Artist Carlo Fontana and the Trevi Fountain
The fountain design that was reproduced dates from about 1700. Many of the features displayed on the fountain are typical Bernini features, making it very interesting. The four energetic tritons that hover over the fountain, under the huge Neptune statue along with the rocky outcrops and torrents of water make the fountain an easy possible descendant of Bernini’s lost design. The artist may actually be Carlo Fontana.
Pope Clement XI, during his early years, made his own contribution to solving this issue. As a lover of antiques, when a granite column erected to honor Emperor Antoninus Pius was found in 1704, Clement XI wanted this column to be used as a part of the fountain. He thus became a cornerstone in the design of the Trevi. Diarist Valesio wrote about eh subject, saying, “Wednesday 13 August 1704. Today the site behind the Trevi fountain was measured, as His Beatitude is thinking of making a lavish façade for that Water that will include the great Antonine Column from Monte Citorio, and of making a spacious square in front of the fountain by drawing on the one behind it, in line with the church of Madonna dei Cruciferi”. Although the plans were never really implemented, the design was still part of the plan until at least 1730.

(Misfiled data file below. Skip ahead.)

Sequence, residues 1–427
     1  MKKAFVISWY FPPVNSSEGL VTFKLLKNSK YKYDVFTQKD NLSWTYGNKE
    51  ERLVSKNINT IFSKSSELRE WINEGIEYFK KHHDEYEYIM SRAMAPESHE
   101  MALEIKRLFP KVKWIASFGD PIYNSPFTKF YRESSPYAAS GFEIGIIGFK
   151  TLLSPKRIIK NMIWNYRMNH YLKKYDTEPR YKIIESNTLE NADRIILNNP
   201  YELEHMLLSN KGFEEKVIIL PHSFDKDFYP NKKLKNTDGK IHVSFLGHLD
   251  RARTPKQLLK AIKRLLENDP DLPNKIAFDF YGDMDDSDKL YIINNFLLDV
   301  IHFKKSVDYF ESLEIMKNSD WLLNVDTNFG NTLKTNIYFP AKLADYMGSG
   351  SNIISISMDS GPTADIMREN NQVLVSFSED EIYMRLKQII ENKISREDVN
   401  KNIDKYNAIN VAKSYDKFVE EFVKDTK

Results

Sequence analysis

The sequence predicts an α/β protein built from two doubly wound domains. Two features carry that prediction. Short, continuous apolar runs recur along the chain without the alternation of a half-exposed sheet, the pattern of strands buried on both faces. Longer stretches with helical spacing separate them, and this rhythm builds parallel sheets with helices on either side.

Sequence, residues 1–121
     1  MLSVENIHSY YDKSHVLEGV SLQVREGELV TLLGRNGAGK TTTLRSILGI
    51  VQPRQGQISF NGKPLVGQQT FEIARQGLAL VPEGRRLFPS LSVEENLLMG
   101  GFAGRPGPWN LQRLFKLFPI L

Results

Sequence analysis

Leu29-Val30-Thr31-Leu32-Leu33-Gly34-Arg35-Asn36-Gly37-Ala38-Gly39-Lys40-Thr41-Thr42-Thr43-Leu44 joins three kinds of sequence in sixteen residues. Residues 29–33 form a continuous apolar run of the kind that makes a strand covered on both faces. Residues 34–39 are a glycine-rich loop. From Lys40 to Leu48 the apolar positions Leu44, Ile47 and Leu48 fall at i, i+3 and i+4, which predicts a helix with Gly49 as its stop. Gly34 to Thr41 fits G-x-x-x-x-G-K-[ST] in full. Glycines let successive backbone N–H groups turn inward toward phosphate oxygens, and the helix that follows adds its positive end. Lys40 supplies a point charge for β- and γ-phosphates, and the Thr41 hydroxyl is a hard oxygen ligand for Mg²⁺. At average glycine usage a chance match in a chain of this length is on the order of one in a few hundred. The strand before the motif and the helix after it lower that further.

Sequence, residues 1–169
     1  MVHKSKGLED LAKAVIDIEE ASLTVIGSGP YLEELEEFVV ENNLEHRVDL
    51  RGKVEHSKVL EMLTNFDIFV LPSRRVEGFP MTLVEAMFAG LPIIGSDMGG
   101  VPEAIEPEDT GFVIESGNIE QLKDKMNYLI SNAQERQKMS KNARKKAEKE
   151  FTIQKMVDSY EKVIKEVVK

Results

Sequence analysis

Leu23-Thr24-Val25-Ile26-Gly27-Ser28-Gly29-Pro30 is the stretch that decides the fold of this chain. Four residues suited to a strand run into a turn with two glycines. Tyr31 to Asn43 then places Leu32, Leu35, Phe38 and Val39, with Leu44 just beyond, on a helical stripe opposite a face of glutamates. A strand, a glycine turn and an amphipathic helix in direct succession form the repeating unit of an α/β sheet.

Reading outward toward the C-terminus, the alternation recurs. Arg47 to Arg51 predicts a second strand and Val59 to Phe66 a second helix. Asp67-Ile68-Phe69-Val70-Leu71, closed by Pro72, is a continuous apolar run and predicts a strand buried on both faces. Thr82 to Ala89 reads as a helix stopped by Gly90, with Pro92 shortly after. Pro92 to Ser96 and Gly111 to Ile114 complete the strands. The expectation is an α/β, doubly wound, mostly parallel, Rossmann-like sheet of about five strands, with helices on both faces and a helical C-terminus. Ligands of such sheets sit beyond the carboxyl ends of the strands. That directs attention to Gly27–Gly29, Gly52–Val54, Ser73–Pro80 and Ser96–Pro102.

Valesio, on July 5th, 1728 wrote, “Monsignor Sardini, who comes from Lucca and is President for that Water went to persuade the Pope [Benedict XIII Orsini] to ornament the Trevi showpiece fountain and, when the Pope said he did not have the money, undertook to find it for him and the Pope gave him permission to do so; therefore His Most Noble Lordship, who fancies himself a poet, conveyed his thoughts to a certain sculptor from Naples, Paolo Benaglia, who had worked on stuccoes for the Pope. He is a man who takes risks, but has little or no knowledge of his art, and he has already made a model of the fountain that has been seen by many: the Blessed Virgin of the Rosary is seated at the highest point as His Beatitude wanted her there; below her to the left is the virgin “Trivia” whom the prelate’s mind has conceived as Pallas was conceived by Jove – with her right hand she points to the Holy Virgin, and with the left, to the water pouring from some rocks; on the right, there is the goddess Rome, armed and standing upright, and beside her, for no reason at all, a sow with some piglets; and in the group with the virgin “Trivia” there is a unicorn; this fine work will be crowned with an equally elegant inscription composed by the prelate himself… “Minervas aquas ministrat Trivia Virgo”; oh, and I forgot: so that the sow should not go hungry there are two oak trees, one on each side”. So here is another design, whose artist is unknown, but it is probable the designs are attributed to Benagalia.